In 1972, a member of the U.S. Navy who's already accumulated several years of service mentions that he's expecting to spend his entire working life in the USN. What does that imply about his expectations for career success?

I realise the answer will depend on whether he's an enlistee or an officer; I'm interested in both cases, but for the sake of discussion we can assume that if he's an officer, he's not a specialist.

Background: in a lightly fictionalised 1973 work, William M. Joel refers to a 1972 encounter with "Davy", who at that time had already been in the U.S. Navy for some time (not stated whether officer or enlistee) and expects to stay there for life. In context, WMJ apparently intends this to indicate that Davy's life and career are going nowhere.

However, my understanding of things is that at least in the modern era, "Davy" could only expect to spend his whole working life in the Navy if he was expecting significant career success in that time. For instance, if Davy is an officer then 1980's DOPMA appears to imply that he would've needed to make Captain to stay in that long.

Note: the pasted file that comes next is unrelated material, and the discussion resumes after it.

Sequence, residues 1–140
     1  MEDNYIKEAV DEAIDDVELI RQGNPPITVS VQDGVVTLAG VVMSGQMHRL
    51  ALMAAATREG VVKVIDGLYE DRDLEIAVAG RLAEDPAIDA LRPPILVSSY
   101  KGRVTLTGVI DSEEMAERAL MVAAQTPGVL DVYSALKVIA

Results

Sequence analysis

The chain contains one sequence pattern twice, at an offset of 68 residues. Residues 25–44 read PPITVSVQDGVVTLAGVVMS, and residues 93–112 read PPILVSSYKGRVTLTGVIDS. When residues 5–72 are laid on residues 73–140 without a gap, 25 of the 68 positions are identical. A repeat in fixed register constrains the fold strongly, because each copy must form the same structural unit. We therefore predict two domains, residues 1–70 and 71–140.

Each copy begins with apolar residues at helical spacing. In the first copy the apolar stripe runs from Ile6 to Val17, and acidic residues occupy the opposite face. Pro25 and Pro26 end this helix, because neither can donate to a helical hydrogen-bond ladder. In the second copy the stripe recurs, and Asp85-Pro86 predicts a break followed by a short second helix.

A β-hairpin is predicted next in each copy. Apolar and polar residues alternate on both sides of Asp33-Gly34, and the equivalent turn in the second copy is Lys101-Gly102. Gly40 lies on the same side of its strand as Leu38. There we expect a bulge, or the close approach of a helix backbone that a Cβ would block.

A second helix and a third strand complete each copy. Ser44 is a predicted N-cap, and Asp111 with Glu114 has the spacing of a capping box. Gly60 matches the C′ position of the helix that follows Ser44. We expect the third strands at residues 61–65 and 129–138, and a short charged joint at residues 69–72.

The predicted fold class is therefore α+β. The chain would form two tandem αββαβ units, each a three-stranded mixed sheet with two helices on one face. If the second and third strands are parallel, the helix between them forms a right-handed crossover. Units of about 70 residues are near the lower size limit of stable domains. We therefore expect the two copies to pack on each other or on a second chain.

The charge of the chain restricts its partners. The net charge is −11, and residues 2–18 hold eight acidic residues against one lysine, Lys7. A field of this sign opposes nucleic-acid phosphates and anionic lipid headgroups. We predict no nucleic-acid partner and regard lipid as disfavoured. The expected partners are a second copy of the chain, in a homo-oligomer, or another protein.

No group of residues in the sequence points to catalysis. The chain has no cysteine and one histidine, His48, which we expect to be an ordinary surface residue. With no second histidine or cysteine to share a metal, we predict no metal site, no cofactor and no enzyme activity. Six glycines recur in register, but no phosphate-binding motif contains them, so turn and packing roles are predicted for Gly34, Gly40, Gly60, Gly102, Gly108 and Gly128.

From googling, I found that the real-life "Davy" (David Heintz) sadly died quite young, in 2003, but neither that nor the 1980 DOPMA rules would've been known at the time of writing. I am interested in what Davy could reasonably have expected as of 1972.

By googling on variations of "us navy up or out history", I found plenty of information about the current situation and possible changes to that, but I couldn't figure out what it would've looked like from a 1972 viewpoint.

  • Reviewing the video, I would say Davy was an enlisted man.
    – justCal
    Commented Mar 13, 2020 at 13:19
  • @justCal - indeed, and long-serving non-commissioned officers are the backbone of any military organization. Lieutenants should always listen to their sergeant or chief petty officer. Ignoring their advice is a career limiting move.
    – Jon Custer
    Commented Mar 13, 2020 at 13:37

1 Answer 1